Bake the Cake, Bigot

Matthew Hoy
By Matthew Hoy on June 4, 2018

The Supreme Court today, in a 7-2 decision, gave a small victory to defenders of religious freedom in the Masterpiece Cakeshop v. Colorado Civil Rights Commission, also known as the "Bake the Cake, Bigot" case. Justice Anthony Kennedy, writing the majority opinion, based his ruling on the explicit, anti-religious statements made by the commissioners of the Colorado Civil Rights Commission.


The Court also noted the disparate treatment given by the Commission to other bakers who had been asked to bake cakes by a man named William Jack containing Biblical references condemning homosexual behavior. Three separate bakers refused to make those cakes, and the Commission found that the messages were offensive and so the bakers didn't have to bake those cakes.

This, of course, begs the question: Offensive to whom?

Offensive to the ideals of the commissioners.

Reading the dissent by Ginsburg and Sotomayor, it is not exactly clear, short of burning Masterpiece Cakeshop owner Jack Phillips at the stake, how the state's civil rights commission could demonstrate sufficient anti-religious animosity to join the majority opinion. (For the record: Sotomayor demonstrates her ability to be empathetic, but only to the right kind of plaintiff—exactly what President Barack Obama wanted.)

Questions left unanswered

What the Court avoided in its decision (which is likely why the result is 7-2 and not 5-4—or even 4-5 the other way) was ruling on the more substantive freedom of religion and freedom of speech issues raised by the case. The case can't be used as a precedent for other cases absent blatant, on-the-record hostility from a state agency or a lower court. It's not clear if the Court would have ruled in Phillips' favor without the animus.

The Arlene's Flowers, Inc. v. Washington case is similar in that it involves someone in the wedding industry, in this case a florist, who refuses to lend her talents to a gay wedding ceremony. Like the Masterpiece Cakeshop case, the issue involves freedom of religion and speech, but there doesn't appear to be the institutional animus on display that could allow the Court to avoid those bigger issues.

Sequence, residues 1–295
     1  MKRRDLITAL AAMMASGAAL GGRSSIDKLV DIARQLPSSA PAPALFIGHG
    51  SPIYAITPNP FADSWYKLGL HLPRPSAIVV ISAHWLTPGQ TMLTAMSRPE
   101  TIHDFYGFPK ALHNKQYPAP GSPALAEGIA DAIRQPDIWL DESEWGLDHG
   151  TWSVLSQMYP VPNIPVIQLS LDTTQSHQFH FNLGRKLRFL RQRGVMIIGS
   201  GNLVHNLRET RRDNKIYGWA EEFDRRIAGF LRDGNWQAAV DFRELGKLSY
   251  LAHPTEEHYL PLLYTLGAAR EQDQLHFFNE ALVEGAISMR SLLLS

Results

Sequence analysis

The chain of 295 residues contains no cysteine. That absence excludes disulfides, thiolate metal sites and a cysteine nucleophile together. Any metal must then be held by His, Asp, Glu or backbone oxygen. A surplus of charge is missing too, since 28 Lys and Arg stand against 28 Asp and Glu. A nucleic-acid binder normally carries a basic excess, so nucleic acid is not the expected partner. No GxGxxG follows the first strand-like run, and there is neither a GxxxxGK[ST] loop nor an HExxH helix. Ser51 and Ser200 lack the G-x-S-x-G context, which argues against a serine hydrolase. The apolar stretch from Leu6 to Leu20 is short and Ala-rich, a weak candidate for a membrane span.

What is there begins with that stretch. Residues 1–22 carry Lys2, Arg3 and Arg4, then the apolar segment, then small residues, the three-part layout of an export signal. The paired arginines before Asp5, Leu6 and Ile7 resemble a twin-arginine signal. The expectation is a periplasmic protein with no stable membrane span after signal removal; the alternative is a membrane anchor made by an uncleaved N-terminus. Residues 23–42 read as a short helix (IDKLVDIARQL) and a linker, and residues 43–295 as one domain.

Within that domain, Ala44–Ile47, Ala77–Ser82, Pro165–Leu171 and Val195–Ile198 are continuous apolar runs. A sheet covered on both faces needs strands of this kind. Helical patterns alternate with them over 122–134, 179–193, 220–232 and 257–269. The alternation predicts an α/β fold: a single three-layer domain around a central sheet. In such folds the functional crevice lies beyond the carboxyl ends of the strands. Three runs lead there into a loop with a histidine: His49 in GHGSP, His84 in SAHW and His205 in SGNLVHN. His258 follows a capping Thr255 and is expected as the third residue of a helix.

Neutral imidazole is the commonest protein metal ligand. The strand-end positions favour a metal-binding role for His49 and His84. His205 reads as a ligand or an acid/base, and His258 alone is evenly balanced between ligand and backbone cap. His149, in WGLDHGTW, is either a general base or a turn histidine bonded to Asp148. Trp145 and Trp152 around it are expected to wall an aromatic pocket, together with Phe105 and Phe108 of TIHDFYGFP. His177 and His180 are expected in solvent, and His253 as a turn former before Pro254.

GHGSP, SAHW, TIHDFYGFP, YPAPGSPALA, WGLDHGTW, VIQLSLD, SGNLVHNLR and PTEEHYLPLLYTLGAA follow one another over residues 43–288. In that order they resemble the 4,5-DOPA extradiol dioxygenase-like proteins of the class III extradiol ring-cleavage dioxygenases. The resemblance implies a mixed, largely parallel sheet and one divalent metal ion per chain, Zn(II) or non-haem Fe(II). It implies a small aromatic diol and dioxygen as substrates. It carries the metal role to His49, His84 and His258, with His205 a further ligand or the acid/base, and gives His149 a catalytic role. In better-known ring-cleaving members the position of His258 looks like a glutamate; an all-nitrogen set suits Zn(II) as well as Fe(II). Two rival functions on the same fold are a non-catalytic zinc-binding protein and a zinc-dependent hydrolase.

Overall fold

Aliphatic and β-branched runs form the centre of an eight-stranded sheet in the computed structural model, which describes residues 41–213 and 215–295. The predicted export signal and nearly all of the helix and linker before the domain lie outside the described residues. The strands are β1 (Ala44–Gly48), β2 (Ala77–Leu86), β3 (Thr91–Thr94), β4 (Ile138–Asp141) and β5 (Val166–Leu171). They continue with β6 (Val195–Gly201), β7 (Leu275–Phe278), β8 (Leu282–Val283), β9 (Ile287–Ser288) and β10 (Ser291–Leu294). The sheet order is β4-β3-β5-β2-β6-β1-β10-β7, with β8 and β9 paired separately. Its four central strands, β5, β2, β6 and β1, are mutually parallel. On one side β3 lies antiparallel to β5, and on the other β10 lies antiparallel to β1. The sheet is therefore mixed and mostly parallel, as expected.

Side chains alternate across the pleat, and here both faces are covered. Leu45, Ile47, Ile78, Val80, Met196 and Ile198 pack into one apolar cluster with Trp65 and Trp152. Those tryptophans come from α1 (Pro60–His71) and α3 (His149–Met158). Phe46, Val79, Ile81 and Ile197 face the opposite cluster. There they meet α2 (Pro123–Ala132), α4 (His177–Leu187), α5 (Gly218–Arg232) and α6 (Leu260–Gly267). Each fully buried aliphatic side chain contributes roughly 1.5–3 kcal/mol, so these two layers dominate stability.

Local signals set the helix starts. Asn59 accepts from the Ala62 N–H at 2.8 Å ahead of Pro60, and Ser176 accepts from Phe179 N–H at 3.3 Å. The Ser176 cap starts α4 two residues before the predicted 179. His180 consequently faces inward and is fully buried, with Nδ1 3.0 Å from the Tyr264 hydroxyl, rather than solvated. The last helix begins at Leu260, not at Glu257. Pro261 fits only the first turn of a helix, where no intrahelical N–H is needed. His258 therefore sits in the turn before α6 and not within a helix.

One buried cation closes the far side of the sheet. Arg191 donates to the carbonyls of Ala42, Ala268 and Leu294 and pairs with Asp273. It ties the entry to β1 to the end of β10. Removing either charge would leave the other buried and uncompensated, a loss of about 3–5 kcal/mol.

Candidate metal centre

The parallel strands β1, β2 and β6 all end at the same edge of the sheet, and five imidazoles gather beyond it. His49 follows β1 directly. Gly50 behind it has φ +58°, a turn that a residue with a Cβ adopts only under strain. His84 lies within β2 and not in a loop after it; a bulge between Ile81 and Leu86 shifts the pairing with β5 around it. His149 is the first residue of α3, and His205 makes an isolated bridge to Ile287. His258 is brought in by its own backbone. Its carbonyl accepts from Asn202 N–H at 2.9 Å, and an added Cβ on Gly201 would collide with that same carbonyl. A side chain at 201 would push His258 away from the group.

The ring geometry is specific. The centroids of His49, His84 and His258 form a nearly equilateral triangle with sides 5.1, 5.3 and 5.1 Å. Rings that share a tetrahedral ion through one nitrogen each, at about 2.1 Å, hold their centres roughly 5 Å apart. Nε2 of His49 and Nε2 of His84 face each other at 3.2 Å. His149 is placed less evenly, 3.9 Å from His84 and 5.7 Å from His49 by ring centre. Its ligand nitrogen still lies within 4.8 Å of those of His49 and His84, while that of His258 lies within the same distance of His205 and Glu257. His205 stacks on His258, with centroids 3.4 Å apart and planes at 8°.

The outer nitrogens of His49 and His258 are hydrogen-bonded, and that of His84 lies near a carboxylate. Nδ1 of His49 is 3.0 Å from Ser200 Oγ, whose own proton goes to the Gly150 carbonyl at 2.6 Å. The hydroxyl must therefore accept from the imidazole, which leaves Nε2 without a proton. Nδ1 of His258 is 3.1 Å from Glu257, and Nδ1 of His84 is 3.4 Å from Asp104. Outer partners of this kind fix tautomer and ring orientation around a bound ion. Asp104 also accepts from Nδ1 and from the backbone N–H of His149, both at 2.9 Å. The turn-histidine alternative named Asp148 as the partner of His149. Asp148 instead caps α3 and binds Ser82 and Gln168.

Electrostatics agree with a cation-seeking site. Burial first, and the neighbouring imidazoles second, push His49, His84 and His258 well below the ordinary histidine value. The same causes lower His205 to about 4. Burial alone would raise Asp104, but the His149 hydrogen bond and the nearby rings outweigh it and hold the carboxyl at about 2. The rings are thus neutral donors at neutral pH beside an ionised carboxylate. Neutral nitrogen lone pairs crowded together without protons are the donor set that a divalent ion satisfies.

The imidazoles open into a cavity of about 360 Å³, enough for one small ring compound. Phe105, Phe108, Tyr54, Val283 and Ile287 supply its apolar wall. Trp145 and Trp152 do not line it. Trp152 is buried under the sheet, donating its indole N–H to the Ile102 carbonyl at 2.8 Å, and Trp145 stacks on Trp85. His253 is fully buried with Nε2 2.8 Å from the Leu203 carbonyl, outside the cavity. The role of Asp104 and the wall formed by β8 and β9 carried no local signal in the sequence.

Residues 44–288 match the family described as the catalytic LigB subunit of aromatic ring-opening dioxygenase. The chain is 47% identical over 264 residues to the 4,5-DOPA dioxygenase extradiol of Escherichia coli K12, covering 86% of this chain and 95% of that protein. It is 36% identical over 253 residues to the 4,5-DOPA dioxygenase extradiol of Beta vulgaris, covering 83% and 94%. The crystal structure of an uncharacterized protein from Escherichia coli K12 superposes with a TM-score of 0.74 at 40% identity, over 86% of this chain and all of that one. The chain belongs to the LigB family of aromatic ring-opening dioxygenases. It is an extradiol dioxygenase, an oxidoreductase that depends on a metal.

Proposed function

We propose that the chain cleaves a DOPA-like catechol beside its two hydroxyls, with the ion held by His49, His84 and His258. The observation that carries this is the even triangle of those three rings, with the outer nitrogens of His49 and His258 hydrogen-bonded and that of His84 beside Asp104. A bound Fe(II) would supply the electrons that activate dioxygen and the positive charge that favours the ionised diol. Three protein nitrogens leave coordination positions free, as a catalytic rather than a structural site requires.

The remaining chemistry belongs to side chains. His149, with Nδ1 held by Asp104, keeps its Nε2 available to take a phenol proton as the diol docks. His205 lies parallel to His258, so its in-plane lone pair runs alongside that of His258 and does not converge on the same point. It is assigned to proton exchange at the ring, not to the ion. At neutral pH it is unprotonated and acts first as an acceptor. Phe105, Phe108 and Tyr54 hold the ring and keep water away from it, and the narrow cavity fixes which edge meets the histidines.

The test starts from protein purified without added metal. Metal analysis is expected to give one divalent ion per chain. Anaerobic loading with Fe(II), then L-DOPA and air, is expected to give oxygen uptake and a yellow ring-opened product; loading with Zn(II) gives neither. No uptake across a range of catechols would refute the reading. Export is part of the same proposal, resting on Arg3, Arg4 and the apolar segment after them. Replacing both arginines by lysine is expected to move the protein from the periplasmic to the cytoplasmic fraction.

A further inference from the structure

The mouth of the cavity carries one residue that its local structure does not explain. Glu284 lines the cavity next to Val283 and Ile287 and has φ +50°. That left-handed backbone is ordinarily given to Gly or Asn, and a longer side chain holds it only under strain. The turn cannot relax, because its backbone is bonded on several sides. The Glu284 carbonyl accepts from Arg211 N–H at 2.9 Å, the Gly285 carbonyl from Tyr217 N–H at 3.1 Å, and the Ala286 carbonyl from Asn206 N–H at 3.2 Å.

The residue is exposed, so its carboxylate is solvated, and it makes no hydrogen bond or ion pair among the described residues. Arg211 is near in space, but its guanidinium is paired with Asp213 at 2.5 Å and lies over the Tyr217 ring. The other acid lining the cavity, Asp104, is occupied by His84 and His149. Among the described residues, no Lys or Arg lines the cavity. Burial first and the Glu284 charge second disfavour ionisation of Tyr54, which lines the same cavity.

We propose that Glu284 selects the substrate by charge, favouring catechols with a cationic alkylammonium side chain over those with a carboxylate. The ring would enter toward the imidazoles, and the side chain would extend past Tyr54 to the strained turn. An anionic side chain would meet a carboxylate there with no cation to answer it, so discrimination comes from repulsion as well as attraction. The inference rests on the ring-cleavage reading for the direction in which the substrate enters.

What's next?

David Harsanyi of The Federalist and Rod Dreher over at The American Conservative come closest to how I see this decision.


How did the commission know that Phillips wasn’t offended by the gay wedding cake itself but by the sexual orientation of the couple? How did they know the secular cakemakers were offended by the message and not the theology? What will stop “civil rights” commissions from continuing to cloak their animus against religion in acceptable bureaucratic jargon? And what stops them from trampling on religious freedom and free expression?


What if a gay couple went to Masterpiece Cakeshop tomorrow and asked for a wedding cake, and Jack Phillips turned them down, and they go to the Colorado Civil Rights Commission to complain? Could the Commission deliver the same verdict against Masterpiece, but do so in apparently neutral language, and therefore be on the right side of today’s ruling?

If not, why not? What’s to stop gay activists, who have tied this small business owner up in court for five years, from doing it again to him — and this time, expecting the Colorado Civil Rights Commission to be more careful to conceal its hostility to him?

I fear that's the takeaway from today's decision: Hide your anti-religious bigotry a little better, and then you can say: "Bake the cake, bigot."

For the record

David French over at National Review has a more optimistic take on the issue.

The Lord works in mysterious ways, and it is no small irony that the same justice who just struck a blow for the dignity of the faithful is also the man most responsible for creating the constitutional right to same-sex marriage. State bullies beware, when Justice Kennedy declared in Obergefell that the First Amendment still protects religious people as they seek to teach and uphold those “principles that are so fulfilling and so central to their lives and faiths,” he meant what he said. Tolerance, it appears, is not a one-way street.

Unfortunately, at best, there's only a 5-4 majority for this opinion. There has been chatter online that Chief Justice John Roberts had Kennedy write the narrow majority opinion in this way to get Justices Elena Kagan and Stephen Breyer onboard.


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June 2018



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